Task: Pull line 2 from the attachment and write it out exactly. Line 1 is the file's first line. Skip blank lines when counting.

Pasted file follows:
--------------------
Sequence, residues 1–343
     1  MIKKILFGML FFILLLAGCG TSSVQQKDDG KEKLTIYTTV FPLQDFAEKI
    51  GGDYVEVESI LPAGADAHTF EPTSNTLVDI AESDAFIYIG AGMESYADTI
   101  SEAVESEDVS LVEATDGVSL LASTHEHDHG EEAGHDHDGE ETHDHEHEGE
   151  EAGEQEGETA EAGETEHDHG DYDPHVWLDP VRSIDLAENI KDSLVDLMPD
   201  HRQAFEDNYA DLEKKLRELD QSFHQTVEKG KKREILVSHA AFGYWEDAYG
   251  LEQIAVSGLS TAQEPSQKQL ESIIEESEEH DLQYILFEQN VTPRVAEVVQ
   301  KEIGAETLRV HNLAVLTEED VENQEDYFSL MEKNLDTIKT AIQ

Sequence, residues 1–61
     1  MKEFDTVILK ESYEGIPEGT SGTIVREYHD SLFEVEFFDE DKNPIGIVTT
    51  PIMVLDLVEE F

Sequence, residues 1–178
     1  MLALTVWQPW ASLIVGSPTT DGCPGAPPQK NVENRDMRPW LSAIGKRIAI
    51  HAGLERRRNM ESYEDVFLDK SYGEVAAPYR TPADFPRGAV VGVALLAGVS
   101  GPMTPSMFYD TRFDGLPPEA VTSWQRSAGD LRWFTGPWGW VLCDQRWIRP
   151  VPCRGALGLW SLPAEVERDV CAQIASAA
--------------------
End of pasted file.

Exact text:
     1  MIKKILFGML FFILLLAGCG TSSVQQKDDG KEKLTIYTTV FPLQDFAEKI